Bell's Palsy-is this the right place to ask?

Laurie J. Lundy-Ekman lundyekl at PACIFICU.EDU
Tue Dec 17 19:46:00 EST 1996


Bell's palsy is sometimes treated with electrical stimulation to the 
muscles to prevent muscle atrophy while the axons regrow or remyelination 
occurs.  Electrical stimulation treatment is controversial as to whether 
it retards the rate of neural recovery.  Clearly Mr. Barins wasn't 
talking about electroshock therapy, but did have electrical shocks 
delivered to his facial muscles.

Laurie Lundy-Ekman, Ph.D., P.T.
School of Physical Therapy
Pacific University
Forest Grove, OR  97116		
e-mail:  lundyekl at pacificu.edu

On 17 Dec 1996, F. Frank LeFever wrote:

> In <32B60E07.7B8E at rohan.sdsu.edu> "Kristofer M. Barins"
> <barins at rohan.sdsu.edu> writes: 
> >
> >I am 22 years old at San Diego State University and have had Bell's
> >Palsy since late 1983. When I got Bell's Palsy I had a fever of 104,
> and
> >was taken to my Pediatrician who diagnosed it as B.P., and referred me
> >and to a neurologist. The neurologist set me up with a CAT scan to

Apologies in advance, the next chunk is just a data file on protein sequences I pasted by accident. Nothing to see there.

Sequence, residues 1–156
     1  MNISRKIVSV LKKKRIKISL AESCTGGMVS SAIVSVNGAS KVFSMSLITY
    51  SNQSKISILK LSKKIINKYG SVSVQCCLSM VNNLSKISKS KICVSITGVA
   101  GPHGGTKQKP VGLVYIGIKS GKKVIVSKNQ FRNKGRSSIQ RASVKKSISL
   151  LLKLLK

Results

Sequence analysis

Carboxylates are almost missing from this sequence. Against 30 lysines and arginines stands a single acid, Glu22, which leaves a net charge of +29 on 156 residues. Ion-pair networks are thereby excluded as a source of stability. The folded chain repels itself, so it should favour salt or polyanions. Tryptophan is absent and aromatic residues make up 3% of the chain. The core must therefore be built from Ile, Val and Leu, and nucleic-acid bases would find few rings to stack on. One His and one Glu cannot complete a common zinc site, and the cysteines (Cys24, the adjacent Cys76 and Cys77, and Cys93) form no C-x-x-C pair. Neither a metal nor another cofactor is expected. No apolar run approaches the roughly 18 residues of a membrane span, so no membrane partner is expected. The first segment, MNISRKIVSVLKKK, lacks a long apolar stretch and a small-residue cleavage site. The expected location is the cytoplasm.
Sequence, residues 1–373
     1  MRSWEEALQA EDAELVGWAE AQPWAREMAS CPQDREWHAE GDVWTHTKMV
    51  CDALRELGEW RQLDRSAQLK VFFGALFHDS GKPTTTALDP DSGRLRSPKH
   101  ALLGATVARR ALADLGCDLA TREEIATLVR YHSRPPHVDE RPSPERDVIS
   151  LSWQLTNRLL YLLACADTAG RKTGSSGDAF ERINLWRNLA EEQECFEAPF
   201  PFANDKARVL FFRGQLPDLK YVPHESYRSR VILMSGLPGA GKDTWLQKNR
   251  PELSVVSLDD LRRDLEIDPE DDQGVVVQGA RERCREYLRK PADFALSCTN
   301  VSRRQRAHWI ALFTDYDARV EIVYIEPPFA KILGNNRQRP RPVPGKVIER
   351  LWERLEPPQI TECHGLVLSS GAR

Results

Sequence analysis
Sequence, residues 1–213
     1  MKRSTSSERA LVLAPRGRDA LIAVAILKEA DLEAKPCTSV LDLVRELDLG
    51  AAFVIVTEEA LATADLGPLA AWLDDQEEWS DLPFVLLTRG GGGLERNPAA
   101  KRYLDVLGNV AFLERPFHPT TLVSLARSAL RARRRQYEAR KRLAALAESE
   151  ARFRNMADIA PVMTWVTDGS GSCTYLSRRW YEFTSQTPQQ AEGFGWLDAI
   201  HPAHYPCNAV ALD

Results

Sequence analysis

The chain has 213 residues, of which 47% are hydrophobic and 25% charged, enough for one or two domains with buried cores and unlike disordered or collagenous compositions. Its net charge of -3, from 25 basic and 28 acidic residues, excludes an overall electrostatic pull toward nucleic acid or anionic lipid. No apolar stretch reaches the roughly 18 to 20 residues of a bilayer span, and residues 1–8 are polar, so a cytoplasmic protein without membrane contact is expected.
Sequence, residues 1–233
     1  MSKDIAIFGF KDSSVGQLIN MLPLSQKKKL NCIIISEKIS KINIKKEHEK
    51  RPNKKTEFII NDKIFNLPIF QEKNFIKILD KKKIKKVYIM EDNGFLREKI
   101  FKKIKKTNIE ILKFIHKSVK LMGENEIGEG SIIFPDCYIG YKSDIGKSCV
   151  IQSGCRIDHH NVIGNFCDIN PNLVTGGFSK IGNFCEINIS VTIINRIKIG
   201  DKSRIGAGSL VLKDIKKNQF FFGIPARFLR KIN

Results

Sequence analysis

> make
> >sure it wasn't a brain tumor, or anything dangerous. The scan didn't
> >show anything abnormal, so he began tratment for B.P. This consisted
> on
> >weekly shock therapy treatments (I am fairly sure about the time
> between
> >treatments, and 1 week sounds good). The treatments went on for some
> >time, and got steadily more intesnive, as far as level of
> >intensity(voltage). He said that mine was an rare case and that I
> would
> >probobly never regain full use of the right side of my face. Over the
> >years I have had improvement. I feel that this thing is curable, and
> was
> >wondering if anyone could offer some light on the situation. 
> >
> >The B.P. came about shortly after a school camping trip where I did
> >sleep outside with no tent (only a sleeping bag). I know that Lyme's
> >disease can often be a contributing factor in a person contracting
> B.P.,
> >but was Lyme's disease a known problem c. 1984 in Northern California?
> >and if not, could that have been overlooked as a possible cause of the
> >B.P.? 
> >I have also heard anecdotal evidence of many people being inflicted
> >after being exposed to cold breezes, air, etc... Is this confirmed or
> >just a going theory?
> >
> >Thank you again and any light that can be shed on this situation is
> >gratly apprecisted.
> >
> >-Kristofer
> I would be interested in knowing the name and address of your
> neurologist.  I don't know an awful lot about Bell's palsy, but loooked
> into it casually when a friend had it.  My impression is that most
> cases clear up spontaneously.  Might be a basis for antibiotic
> treatment, but "shock therapy"??  Surely you don't mean ECT!!  That
> would be bizarre unless you were so deeply depressed that you had
> delusions of facial paralysis.
> 
> Frank
> 
> 



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